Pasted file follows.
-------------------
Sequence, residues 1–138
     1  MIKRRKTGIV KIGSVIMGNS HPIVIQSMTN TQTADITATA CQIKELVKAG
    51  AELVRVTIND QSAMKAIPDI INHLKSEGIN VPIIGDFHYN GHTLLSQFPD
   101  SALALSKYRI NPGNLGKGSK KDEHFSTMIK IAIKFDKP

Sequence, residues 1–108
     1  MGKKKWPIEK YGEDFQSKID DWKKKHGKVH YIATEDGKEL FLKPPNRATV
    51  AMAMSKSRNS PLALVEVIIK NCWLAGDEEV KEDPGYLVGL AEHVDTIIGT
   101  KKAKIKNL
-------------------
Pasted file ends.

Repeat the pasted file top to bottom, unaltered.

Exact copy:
Sequence, residues 1–138
     1  MIKRRKTGIV KIGSVIMGNS HPIVIQSMTN TQTADITATA CQIKELVKAG
    51  AELVRVTIND QSAMKAIPDI INHLKSEGIN VPIIGDFHYN GHTLLSQFPD
   101  SALALSKYRI NPGNLGKGSK KDEHFSTMIK IAIKFDKP

Sequence, residues 1–108
     1  MGKKKWPIEK YGEDFQSKID DWKKKHGKVH YIATEDGKEL FLKPPNRATV
    51  AMAMSKSRNS PLALVEVIIK NCWLAGDEEV KEDPGYLVGL AEHVDTIIGT
   101  KKAKIKNL